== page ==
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Athens News Agency: News in English, 08-05-20

Athens News Agency: News in English Directory - Previous Article - Next Article

From: The Athens News Agency at <>


  • [01] 67th anniversary of Crete Battle
  • [02] Sunflower oil pulled for testing

  • [01] 67th anniversary of Crete Battle

    Celebrations marking the 67th anniversary of the Battle of Crete commenced on Sunday in Hania, due to culminate the following Sunday, May 25, with a doxology at the city cathedral and a memorial service. A total of 18 central and 5 parallel events - memorial services, wreath laying ceremonies and cultural events - will take place in this year's celebrations, held with the customary participation of war veterans from Greece, Australia, New Zealand and Britain. The Battle of Crete began on the morning of May 20, 1941 when German forces launched an unprecedented airborne invasion of Crete, code-named "Merkur". The operation was successful in that it wrested control of the island from Allied forces, although the victory was so costly in terms of paratrooper casualties that the Wehrmacht never again attempted a major airborne operation.

    The stiff resistance by ANZAC troops and local Cretans is also credited, by many historians, with delaying the Nazi invasion of the Soviet Union.

    Caption: ANA-MPA file photo of a veteran of the Battle of Crete

    [02] Sunflower oil pulled for testing

    Greek authorities have ordered all sunflower oil imported into the country since the start of 2008 to be pulled from market shelves for testing, the government said on Tuesday. Announcing the decision after a meeting of the inner cabinet, Development Minister Christos Folias also commented on the resignation earlier the same day of Hellenic Food Authority (EFET) President Evangelos Lazos, stressing that the latter was "not a scape goat".

    "Crisis matters require rapid action and instantaneous communication. To accelerate the pace and deal effectively with the issue, Mr Lazos' resignation was accepted," the minister said and publicly thanked Lazos for his contribution.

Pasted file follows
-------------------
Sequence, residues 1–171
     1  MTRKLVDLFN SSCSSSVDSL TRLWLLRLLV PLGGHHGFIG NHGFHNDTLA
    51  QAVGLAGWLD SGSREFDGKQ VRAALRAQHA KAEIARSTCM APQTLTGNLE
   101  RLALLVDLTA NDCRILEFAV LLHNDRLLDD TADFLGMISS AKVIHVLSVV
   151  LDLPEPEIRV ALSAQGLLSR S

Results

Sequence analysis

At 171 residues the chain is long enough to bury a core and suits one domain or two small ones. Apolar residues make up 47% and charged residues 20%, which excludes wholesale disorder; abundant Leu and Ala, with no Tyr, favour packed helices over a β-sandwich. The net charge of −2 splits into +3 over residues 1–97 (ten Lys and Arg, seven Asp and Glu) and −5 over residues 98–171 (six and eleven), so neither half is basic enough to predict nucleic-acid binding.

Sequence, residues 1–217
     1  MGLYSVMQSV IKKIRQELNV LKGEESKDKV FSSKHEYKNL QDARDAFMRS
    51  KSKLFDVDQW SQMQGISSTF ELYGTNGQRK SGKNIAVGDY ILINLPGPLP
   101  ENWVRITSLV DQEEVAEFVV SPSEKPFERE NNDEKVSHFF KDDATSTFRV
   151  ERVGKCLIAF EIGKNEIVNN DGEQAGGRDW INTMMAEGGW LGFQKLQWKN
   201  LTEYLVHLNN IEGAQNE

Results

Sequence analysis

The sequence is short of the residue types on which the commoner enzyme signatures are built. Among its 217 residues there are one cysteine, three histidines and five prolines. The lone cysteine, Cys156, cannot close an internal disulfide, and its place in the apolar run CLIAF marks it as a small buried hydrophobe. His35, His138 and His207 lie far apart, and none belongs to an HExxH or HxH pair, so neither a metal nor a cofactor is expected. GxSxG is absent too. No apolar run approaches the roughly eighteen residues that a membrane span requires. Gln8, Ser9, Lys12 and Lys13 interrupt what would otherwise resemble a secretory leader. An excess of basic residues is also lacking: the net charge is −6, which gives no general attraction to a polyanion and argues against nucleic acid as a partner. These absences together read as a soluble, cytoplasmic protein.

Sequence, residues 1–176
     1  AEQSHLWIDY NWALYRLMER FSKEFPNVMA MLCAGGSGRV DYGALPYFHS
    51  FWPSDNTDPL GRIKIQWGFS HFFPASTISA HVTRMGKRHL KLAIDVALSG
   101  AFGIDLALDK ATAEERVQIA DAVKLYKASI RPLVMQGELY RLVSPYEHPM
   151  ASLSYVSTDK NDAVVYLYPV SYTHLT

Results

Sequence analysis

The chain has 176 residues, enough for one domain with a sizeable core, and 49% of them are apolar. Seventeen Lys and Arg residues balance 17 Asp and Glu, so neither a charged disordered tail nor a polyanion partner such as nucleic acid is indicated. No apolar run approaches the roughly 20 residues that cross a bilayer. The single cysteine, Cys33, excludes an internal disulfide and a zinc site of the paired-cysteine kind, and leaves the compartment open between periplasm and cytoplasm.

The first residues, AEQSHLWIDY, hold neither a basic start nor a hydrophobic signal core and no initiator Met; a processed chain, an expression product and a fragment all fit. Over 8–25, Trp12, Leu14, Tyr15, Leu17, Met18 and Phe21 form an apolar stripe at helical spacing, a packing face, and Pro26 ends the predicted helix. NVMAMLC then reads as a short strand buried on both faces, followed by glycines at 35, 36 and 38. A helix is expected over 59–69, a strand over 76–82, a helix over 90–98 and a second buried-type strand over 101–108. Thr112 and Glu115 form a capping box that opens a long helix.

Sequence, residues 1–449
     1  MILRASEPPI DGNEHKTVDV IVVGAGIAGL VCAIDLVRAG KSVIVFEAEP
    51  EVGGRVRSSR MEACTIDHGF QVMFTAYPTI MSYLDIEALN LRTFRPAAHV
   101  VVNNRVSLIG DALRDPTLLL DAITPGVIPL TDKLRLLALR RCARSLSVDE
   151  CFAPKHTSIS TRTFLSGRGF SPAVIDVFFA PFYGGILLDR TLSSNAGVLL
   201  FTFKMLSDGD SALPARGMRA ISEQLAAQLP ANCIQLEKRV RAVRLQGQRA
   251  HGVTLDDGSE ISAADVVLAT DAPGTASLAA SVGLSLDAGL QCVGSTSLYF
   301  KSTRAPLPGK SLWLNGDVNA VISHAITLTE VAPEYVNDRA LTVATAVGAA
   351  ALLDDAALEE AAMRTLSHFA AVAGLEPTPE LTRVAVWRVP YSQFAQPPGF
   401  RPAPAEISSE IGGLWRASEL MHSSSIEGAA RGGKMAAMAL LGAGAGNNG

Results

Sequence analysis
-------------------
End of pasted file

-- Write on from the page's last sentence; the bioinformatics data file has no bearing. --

An announcement issued by EFET's new acting president Antonis Zabelas, meanwhile, said the batches of sunflower oil would be tested to determine whether any other quantities mixed with mineral oil had managed to slip through initial testing at customs, when they were first imported into the country.

    According to Zabelas, the decision to pull all recent imports was made because "we cannot check whether a new quantity of sunflower oil containing mineral oil has entered the Greek market, apart from those already detected."

    He added that the authority was acting on a report sent by the General Chemical Laboratory of the State regarding the adulterated cooking oil.

    Development ministry general secretary Yiannis Economou, meanwhile, noted that the tainted sunflower oil had not been found just in Greece but in another eight countries in the European Union as well and he also assured consumers that the problem oil found so far, while contravening market regulations, was not dangerous to health.

    Folias, on his part, stressed that the government did not "take shortcuts" on matters of principle or health and had therefore decided to withdraw all quantities of oil on the market, in spite of the assurances given by both the EU and Greek authorities.

    The minister additionally stressed that Greek authorities had carried out sample testing that detected the tainted sunflower oil on their own initiative, leading to its seizure and withdrawal.

    EFET's President Evangelos Lazos resigned his post on Tuesday, with the agency's vice-president Antonis Zabelas taking over as acting president. EFET's responsibility is to coordinate the enforcement of food safety legislation in Greece.

    Caption: ANA-MPA file photograph of Development Minister Christos Folias.

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